George is to be commended for his sacrifice - it's a willing sacrifice but there's also an unwilling aspect to it - you can just see it in his eyes, how he carries himself, the slumped shoulders, the resignation...it hurts.
And it's fiction. Good fiction, but still just a story.
Here's another little story of sacrifice. A ship was sinking in the middle of a storm, and the captain called out to the crew and said, "Does anyone here know how to pray?" One man stepped forward and said, "Yes sir, I know how to pray." The captain said, "Wonderful, you pray while the rest of us put on life jackets--we're one short." That would be a completely unwilling sacrifice.
In real life, we make sacrifices - willing and unwilling, real and imagined. We work hard to support family, put in long hours to advance in careers, do whatever it takes to make sure loved ones are safe. There are also what I would call the silly sacrifices - time, effort, and money spent on hobbies or habits, non-essential things but things we enjoy.
But there is no sacrifice like the sacrifice shared in the Bible. Seems like we usually pull out Isaiah 53 and go over it with a fine-toothed comb during the Lenten season, especially Good Friday, It's so vivid, so clear, so real. The Savior sacrifices because of you and me and our sadly impressive accumulation of sin and guilt. He does it willingly, completely offering himself as our ransom payment.
These words are so familiar, so profound, we can read most of them without much comment. But can we read them now, during Advent? Absolutely. Remember that we look beyond the child in the manger to the Christ on Calvary. Remember that the wood of the makeshift crib will one day give way to the wood of the cross and his indescribable, incomprehensible sacrifice.
“We all have gone astray like sheep. Each of us has turned to his own way, but the Lord has charged all our guilt to him. He was oppressed, and he was afflicted, yet he did not open his mouth. Like a lamb he was led to the slaughter, and like a sheep that is silent in front of its shearers, he did not open his mouth. He was taken away without a fair trial and without justice, and of his generation, who even cared? So, he was cut off from the land of the living. He was struck because of the rebellion of my people. They would have assigned him a grave with the wicked, but he was given a grave with the rich in his death, because he had done no violence, and no deceit was in his mouth. Yet it was the Lord’s will to crush him and to allow him to suffer.” (Isaiah 53:6-10a)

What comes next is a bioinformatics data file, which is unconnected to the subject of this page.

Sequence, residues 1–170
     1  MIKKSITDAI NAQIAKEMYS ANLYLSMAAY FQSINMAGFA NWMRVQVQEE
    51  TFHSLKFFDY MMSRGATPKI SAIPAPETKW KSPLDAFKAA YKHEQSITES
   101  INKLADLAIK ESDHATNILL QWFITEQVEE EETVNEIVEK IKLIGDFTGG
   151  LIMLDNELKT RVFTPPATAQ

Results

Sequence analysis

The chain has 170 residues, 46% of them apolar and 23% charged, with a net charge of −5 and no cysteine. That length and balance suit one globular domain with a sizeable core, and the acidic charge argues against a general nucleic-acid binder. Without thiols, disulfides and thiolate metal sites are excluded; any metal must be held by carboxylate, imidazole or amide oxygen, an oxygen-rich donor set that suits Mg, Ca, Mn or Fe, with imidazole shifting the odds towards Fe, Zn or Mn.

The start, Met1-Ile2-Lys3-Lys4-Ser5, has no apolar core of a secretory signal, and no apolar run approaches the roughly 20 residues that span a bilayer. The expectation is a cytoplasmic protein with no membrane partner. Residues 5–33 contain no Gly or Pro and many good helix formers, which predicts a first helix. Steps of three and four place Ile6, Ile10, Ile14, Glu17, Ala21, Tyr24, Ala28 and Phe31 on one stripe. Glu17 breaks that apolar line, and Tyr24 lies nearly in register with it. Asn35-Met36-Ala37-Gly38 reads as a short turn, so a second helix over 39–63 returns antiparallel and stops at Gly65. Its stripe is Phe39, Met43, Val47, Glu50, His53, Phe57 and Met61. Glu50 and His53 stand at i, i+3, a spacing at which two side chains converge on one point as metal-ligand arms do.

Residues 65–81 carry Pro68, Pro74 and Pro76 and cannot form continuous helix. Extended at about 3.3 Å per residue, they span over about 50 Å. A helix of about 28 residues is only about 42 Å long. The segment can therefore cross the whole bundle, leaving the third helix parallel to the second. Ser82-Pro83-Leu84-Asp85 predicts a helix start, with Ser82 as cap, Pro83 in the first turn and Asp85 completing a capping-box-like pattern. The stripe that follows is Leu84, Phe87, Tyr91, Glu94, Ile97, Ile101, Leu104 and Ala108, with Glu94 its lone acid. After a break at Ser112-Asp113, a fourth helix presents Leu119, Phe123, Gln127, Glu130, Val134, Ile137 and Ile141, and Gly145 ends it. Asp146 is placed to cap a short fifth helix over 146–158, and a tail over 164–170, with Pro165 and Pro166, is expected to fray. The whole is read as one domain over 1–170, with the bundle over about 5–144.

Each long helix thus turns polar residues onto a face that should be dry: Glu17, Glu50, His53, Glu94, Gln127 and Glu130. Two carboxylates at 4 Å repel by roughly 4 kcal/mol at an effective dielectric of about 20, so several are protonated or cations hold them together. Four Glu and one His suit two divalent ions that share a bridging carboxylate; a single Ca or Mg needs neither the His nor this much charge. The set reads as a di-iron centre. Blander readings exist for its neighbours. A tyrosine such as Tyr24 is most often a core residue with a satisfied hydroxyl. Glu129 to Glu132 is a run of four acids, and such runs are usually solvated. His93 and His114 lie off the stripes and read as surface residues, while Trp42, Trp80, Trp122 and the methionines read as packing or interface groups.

At this point in the chapter, there is a definite change in tone. “Because you made his life a guilt offering, he will see offspring. He will prolong his days, and the Lord’s gracious plan will succeed in his hand. After his soul experiences anguish, he will see the light of life. He will provide satisfaction.” (Isaiah 53:10b,11) Out of death, life. From the death of the Savior springs life for all who believe this good news. And he, the Savior will see his offspring, his spiritual descendants. The cross wasn’t the end of him. It’s not just that his memory lives on – HE lives on, not just spiritually, but physically – in the flesh.
God declares: “Therefore I will give him an allotment among the great, and with the strong he will share plunder.”(Isaiah 53:12a) Why? “Because he poured out his life to death, and he let himself be counted with rebellious sinners. He himself carried the sin of many, and he intercedes for the rebels.” (v. 12) It’s all about the sacrifice. George Bailey’s fictional sacrifice resulted in a happy ending in a make-believe story. Our Savior’s real sacrifice results in a glorious ending grounded in reality. It’s a wonderful life – more than the title of a beloved movie, it describes our life in Christ – now and always.
In Christ Jesus,
Pastor Stephen Luchterhand